5 ing charitable contribution by making a $5 payment to and refusing to accept the ticket M to the concert. Example 4: M A receives a brochure soliciting c Charity. The bro- ontributions for the support of the chure states: "As a grateful token of appreciation for your help, the M Charity will send to you your choice of one of the several arti cles listed below, depending upon the amount of catalog-type listing of arti- the brochure is devoted to a your donation." The remainder of cles of merchandise with the suggested am ount of donation necessary to receive each particular article. There is no evidence of any significant difference between the suggested ue of any such article. The brochure contains the further donation and the fair market val M notation that all donations to Charity are tax deductible. ed amounts solicited by Charity are not deductible as a Payments of the suggest M charitable contribution. Under the circumstances, the amounts solicited as "donations" are simply the purchase prices of the ar ticles listed in the brochure. Example 5: A taxpayer paid $5 for a ticket which entitled him to a chance to win a new automobile. The raffle was conducted to raise funds for the X Charity. Although the payment for the ticket was solicited as a "contribution" to the X Charity and designated as such on the face of the ticket, no part of the pay ment is deductible as a charit able contribution. Amounts paid for chances to participate in raffles, lotterie s, or similar drawings or to participate in e not gifts in such circumstances, and there- puzzle or other contests for valuable prizes ar fore, do not qualify as deductible charitable contributions. Example 6: A women's club, which serves principally as an auxiliary of the X Charity, holds monthly he luncheon and any entertainment that may membership luncheon meetings. Following t have been arranged, the members transact any membership business which may be re- quired. Attendance of the luncheon meetings is promoted through the advance sale of tickets. Typical of the form of the tickets is the following: While the ticket does not specifically state that the amount is tax deductible, the charac- terization of the $5.50 price of the ticket as a "donation" is highly misleading in that it is done in a context which suggests that the price of the ticket is a charitable contribution and, therefore, ta cts recited, no part of th e payment is deductible, x deductible. On the fa since there is no showing that any part of the pric e of the ticket is in fact a gift of an amount in excess of the fair market val ue of the luncheon and entertainment. Example 7: In support of its summer festival program of 10 free public concerts, the M Symphony, a charitable organization, mails out brochures so liciting contributions fr om its patrons. The brochure recites the purposes and activities of the organization, and as an inducement to contributors states that: "A contribution of $20 entitles the donor to fe stival membership for the season and free admission to the premiere showin g of the motion picture * * * st arring * * * and * * *.
6 Cocktails - 7:00 P.M. Curtain - 8:15 P.M. This special premiere performance is not open to the public. * * * it also entitles you to "Your contribution will benefit an important community function; stival concerts and events." 110 choice reserved seats for all summer fe The envelope furnished for mailing in payments contains the following: "Enclosed is my tax-deductible membership contribution to the M Symphony summer May 1 premiere perform- concert program in the amount of $ - . " S end me - tickets to the premiere performance for festival members, ance. "I do not desire to attend the special butI am enclosing my contribution." A taxpayer mails in a payment of $20, indi cating on the envelope form that he desires a howing of the film. ticket to the premiere s No part of the payment is deductible as a c haritable contribution. Payment of the $20 the privilege of attending entitles an individual not only to the cocktail party and the pre- miere showing of the film, but also the privilege of choice reserved seats for the summer festival concerts. Under the circumstances , no part of the payment qualifies as a gift, since there is no showing that the payment exceeds the fair ma rket value of the privileges involved. Even if a "contributor" indicates he does not desire to attend the cocktail party and premiere showing of the film, it would still be incorre ct for the organization to charac- terize the $20 payment as a deductible charit able contribution, since under these circum- stances the fair market value of the privilege of having choice reserved seats for attending the concerts would, in all likelihood, exceed the amount of the paymen t. However, if the taxpayer wishes to support the M Symphony, and advises the organization that he does not desire the ticket to the premiere and does not want seats reserved for him, the amount M able contribution. contributed to is deductible as a charit Example 8: W Charity plans a theater party consisting of admission to a In order to raise funds, r-theater buffet. The advertising material premiere showing of a motion picture and an afte and tickets to the theater party designate $5 as an admission charge and $10 as a gift to W Charity. The establis hed admission charge for premiere s howings of motion pictures in the locality is $5. Notwithstanding W’ s representations respecting t he amount designated as a gift, the specified $10 does not qualify as a deductible charitable contribution because s allo- W' cation fails to take into account the value of admission to the buffet dinner. Example 9: The X Charity sponsors a fund-raising bazaar, t he articles offered for sale at the ba- zaar having been contributed to X by persons desiring to support X' s charitable pro- grams. The prices for the articles sold at the bazaar are set by a committee of X with a view to charging the full fair ma rket value of the articles.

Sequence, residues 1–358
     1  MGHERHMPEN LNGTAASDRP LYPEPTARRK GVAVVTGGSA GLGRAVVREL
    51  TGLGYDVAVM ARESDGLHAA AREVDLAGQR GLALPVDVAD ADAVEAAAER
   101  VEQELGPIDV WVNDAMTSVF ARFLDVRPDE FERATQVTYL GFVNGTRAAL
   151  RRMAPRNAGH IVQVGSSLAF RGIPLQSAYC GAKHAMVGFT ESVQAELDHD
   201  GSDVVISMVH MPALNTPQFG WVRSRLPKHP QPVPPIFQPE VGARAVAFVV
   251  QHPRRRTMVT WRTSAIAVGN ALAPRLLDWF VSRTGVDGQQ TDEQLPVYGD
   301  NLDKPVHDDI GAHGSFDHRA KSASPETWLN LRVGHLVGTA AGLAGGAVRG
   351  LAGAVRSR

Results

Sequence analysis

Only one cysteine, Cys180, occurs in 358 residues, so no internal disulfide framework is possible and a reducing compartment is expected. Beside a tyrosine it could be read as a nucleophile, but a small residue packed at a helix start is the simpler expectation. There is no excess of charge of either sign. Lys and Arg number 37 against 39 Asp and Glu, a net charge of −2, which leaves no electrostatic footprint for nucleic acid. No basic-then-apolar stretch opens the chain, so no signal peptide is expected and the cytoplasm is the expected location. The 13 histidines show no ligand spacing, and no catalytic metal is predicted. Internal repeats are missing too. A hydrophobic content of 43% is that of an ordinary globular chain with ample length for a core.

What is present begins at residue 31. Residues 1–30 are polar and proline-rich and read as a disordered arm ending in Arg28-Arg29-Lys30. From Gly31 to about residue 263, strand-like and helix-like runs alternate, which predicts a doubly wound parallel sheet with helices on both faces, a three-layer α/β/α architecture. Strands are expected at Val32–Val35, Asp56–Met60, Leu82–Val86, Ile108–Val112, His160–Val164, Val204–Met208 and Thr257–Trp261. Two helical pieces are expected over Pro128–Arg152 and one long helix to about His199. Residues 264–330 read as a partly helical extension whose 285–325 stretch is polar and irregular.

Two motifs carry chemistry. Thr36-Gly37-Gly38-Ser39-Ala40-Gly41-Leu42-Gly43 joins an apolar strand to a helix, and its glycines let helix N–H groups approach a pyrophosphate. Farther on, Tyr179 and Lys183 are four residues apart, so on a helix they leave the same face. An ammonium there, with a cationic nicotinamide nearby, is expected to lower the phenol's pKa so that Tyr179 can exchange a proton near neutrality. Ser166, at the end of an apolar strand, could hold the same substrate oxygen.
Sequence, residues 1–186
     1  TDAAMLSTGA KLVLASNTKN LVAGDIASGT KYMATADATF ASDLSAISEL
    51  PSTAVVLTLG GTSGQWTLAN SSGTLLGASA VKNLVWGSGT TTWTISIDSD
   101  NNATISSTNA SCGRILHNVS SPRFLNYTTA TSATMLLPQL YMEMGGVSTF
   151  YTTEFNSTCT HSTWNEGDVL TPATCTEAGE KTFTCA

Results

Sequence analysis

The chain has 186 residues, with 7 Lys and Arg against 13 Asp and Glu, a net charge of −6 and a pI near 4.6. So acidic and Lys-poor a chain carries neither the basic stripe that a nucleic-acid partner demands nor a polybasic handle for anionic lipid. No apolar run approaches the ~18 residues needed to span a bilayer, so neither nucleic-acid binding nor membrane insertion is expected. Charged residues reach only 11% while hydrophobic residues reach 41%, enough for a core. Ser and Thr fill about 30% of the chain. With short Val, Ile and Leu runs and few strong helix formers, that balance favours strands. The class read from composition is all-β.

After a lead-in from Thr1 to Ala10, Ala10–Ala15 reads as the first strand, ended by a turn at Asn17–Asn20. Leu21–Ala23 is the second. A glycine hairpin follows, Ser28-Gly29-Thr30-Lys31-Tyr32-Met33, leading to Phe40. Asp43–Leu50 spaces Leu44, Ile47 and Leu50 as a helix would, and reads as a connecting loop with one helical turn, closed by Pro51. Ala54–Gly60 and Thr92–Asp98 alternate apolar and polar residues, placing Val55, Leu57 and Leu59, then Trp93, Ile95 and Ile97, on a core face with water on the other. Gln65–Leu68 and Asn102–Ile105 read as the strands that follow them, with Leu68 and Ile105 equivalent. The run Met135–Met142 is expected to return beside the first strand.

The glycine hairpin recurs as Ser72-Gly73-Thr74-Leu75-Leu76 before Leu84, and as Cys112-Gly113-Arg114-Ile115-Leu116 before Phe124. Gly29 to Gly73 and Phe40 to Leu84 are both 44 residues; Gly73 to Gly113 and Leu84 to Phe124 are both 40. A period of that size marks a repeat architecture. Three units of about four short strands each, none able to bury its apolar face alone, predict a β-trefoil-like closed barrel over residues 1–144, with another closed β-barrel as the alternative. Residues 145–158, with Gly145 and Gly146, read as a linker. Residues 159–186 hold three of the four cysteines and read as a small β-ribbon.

7 A taxpayer who purchases arti itled to a charitable contribu- cles at the bazaar is not ent X for such articles. This is true even tion deduction for any portion of the amount paid to X though the articles sold at the bazaar are acquired and sold without cost to and the total proceeds of the sale of the articles are used by X exclusively for charitable purposes. Example 10: Charity undertake a pr ogram of selling Christmas cards to raise The members of the M funds for the organization's activities. The cards are purchased at wholesale prices and are resold at prices comparable to the prices at which similar cards are sold by regular re- customers, the differenc e between the amount tail outlets. On the receipts furnished to its received from the customer and the wholesale co st of the cards to t he organization is des- tible charitable contribution. ignated by the organization as a tax-deduc The organization is in error in designating this difference as a tax-deductible charitable contribution. The amount paid by customers in excess of the wholesal e cost of the cards to the organization is not a gi ft to the organization, but instead is part of the purchase price or the fair market value of the cards at the retail level. Example 11: und-raising drive of the X Charity, a local department store In support of the annual f agrees to award a transistor radio to each per son who contributes $50 or more to the char- ity. The retail value of the radio is $15. B receives one of the transistor radios as a result of his contribution of $100 to X. Only $85 of B’ s payment to X qualifies as a deductible charitable contribution. In determining the po rtion of the payment to a charitable organiza- ion in these circumstances, the fair market tion which is deductible as a charitable contribut value of any consideration received for the payment from any source must be subtracted from the total payment. Example 12: To assist the Y Halloween Ball to raise funds for Y' s ac- Charity in the promotion of a agree to pay the entire costs of the event, in- tivities, several individuals in the community a, publicity, rental cluding the costs of the orchestr eshments, and any of the ballroom, refr organizations and clubs agree to undertake the other necessary expenses. Various civic sale of tickets for the dance. The publicity and le of the tickets em- solicitations for the sa phasize the fact that the entire cost of t he ball is being borne by anonymous patrons of Y and by the other community groups, and that the ent ire gross receipts from the sale of the tickets, therefore, will go to Charity. The price of the ticke ts, however, is set at the fair Y market value of admission to the event. No part of the amount paid for admission to t he dance is a gift. Therefore, no part is deductible as a charitable contribution. The fa ct that the event is conducted entirely with- out cost to Y Charity and that the fu ll amount of the admission charge goes directly to Y for its uses has no bearing on the deductibility of the amounts paid for admission, but does have a bearing on the deductibility of the amount s paid by the anonymous patrons of the event. The test is not the cost of the event to Y, but the fair market va lue of the considera- tion received by the purchaser of the ti cket or other privileges for his payment.